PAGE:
With the summer months quickly approaching, many Americans look forward to vacations, time off from school and longer days of sunlight. Additionally, we observe important “holidays” on the calendar to honor our country’s military heritage and veterans, including Memorial Day and Independence Day.
However, there is an important anniversary that is often overlooked in the United States, but should be recognized as a pivotal mark that changed the trajectory of this country.
May 8 is the 74th anniversary of the allied forces’ victory in the Atlantic and the end of World War II in Europe. It is commonly known as Victory in Europe Day, or V-E Day. On this day in 1945, the Allies of World War II accepted Nazi Germany’s unconditional surrender. Celebrations erupted throughout the Western world, including many U.S. cities, to mark the end of the European part of World War II. President Harry Truman dedicated the victory to the memory of Franklin D. Roosevelt, who died less than one month earlier.
World War II was the deadliest military conflict in human history, with more than 400,000 Americans and 60 million people killed worldwide. The number of living World War II veterans and members of the “Greatest Generation,” those who grew up during the Great Depression and contributed to the war effort, is unfortunately continuing to dwindle. It is estimated that there are fewer than 400,000 living World War II veterans today. It is important that we preserve the legacy, lessons and sacrifices of these World War II veterans.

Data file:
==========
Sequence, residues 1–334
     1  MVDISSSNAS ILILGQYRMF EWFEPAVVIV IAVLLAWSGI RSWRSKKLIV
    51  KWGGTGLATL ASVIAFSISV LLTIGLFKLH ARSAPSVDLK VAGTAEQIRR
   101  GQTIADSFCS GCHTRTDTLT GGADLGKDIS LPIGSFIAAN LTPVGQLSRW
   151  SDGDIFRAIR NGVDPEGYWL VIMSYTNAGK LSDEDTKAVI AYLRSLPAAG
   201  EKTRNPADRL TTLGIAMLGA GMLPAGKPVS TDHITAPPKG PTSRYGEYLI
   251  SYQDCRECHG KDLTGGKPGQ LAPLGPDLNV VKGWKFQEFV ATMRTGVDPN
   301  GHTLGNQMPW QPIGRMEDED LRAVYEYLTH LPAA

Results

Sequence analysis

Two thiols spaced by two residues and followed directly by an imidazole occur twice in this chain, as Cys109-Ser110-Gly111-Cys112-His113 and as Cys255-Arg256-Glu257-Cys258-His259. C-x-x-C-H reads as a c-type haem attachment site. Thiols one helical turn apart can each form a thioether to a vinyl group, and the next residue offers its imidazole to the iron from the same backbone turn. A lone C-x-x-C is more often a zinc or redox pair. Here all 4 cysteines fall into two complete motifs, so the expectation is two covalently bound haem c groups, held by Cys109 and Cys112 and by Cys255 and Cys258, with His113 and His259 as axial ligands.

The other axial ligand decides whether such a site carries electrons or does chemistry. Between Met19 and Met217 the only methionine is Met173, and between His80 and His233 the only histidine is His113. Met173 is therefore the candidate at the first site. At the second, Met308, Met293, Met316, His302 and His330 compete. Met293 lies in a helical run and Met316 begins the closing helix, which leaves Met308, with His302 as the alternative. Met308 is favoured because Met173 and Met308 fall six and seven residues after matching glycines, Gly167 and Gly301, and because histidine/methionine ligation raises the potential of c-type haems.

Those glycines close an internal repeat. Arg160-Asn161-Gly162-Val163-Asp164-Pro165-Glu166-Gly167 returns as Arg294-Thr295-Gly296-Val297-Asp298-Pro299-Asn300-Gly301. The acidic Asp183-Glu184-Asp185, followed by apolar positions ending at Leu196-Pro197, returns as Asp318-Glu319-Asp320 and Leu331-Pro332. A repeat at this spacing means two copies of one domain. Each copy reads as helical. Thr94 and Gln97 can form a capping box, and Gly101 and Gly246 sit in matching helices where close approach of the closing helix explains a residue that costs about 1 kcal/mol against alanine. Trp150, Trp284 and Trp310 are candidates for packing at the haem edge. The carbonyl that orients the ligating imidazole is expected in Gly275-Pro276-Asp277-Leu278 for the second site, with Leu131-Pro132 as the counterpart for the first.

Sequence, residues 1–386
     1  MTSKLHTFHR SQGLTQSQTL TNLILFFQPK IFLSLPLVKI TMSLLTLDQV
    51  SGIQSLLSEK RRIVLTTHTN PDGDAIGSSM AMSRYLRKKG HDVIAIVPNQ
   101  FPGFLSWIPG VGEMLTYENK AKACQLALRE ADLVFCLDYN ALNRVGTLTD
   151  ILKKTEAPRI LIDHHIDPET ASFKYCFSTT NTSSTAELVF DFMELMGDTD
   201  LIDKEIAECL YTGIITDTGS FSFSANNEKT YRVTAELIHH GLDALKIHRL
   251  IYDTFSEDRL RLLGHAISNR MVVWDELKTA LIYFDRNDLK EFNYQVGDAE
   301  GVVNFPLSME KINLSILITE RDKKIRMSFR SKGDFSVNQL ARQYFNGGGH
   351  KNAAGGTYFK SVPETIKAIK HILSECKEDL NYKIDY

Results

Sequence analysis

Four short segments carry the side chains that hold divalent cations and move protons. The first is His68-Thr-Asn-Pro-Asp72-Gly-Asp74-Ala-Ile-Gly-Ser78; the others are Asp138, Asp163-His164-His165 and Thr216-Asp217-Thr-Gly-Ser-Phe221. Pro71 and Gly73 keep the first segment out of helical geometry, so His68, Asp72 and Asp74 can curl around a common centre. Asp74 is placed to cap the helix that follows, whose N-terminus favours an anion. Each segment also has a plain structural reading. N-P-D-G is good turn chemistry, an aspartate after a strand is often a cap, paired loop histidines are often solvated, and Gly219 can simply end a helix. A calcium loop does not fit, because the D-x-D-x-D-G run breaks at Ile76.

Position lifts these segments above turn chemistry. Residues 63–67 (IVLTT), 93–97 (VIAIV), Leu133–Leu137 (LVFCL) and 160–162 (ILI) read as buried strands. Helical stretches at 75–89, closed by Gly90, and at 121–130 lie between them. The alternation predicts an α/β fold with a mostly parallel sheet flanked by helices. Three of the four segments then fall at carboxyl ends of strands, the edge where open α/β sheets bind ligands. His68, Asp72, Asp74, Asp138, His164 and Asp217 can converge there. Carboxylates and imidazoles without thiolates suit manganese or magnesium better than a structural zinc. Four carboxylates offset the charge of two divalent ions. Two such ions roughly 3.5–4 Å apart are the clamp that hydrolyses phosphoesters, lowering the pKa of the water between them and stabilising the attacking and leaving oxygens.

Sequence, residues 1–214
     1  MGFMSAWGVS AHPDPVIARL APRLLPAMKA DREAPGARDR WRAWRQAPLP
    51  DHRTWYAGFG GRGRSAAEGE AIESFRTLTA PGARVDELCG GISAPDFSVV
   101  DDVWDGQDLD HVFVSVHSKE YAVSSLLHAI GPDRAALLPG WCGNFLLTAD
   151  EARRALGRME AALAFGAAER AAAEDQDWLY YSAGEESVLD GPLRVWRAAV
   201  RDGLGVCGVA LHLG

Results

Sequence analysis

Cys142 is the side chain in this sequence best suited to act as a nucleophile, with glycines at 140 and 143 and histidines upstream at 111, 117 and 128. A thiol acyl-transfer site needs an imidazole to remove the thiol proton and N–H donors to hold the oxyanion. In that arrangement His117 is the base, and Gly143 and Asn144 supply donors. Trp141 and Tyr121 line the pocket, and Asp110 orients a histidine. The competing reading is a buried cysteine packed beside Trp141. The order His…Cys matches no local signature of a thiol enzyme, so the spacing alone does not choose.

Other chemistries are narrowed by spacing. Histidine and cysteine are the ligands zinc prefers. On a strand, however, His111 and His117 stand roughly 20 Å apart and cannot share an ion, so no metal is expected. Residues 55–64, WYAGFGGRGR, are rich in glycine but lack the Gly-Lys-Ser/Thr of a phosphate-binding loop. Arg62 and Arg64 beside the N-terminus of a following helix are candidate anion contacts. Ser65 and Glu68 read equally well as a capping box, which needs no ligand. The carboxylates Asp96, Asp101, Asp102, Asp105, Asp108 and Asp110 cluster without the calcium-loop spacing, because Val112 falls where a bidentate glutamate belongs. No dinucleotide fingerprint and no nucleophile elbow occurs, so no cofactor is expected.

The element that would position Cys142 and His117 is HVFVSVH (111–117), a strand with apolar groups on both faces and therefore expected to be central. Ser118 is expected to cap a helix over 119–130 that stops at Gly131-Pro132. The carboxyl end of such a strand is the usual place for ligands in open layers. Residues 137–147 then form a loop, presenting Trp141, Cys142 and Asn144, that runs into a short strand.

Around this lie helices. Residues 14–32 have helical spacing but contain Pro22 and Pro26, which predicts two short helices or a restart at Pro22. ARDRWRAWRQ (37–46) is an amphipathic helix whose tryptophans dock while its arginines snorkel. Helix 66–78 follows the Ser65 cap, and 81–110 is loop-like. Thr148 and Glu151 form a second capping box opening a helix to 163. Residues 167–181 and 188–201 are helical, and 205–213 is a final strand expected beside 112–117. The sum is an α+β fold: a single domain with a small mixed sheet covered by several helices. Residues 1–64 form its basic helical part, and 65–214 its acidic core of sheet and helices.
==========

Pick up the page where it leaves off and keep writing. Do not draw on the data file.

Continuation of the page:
The everyday men and women of the World War II generation’s character, courage, creativity, determination and innovation not only led to V-E Day, but also reshaped America. We should continue to look to the Greatest Generation for the spirit, sacrifice and commitment of the American people to the common defense of the nation and to the broader causes of peace and freedom from tyranny throughout the world.
Winston Churchill once said “succeeding generations must not be allowed to forget their sacrifice and to live by the honor they represented.”
For those “citizen soldiers” who left home at 17, 18 and 19 years old for the war, the way we can honor them is through a spirit of evangelism to assure our schools and universities do not forget their obligation to teach the history of our republic, and in particular, what our citizens have done in its wars, especially World War II. Remembering, honoring, recognizing and thanking the World War II generation who — through sacrifice, valor, dedication and determination — preserved our freedom, saved our nation and literally saved the world should be important reminders for all of us during these summer months and beyond.
On this day, we remember those lost during the war and we look to the criteria assigned for the design competition for the World War II Memorial by the American Battle Monuments Commission that reads: “Above all, the Memorial stands as an important symbol of American national unity, a timeless reminder of the moral strength and awesome power that can flow when a free people are at once united and bonded together in a common and just cause.”
As the Greatest Generation fades, its members should look back on a grateful and proud country. We can and will continue to honor them at “their” memorial in Washington, but we should also unite through a shared purpose at the community level. It’s the least we could do for all their sacrifice.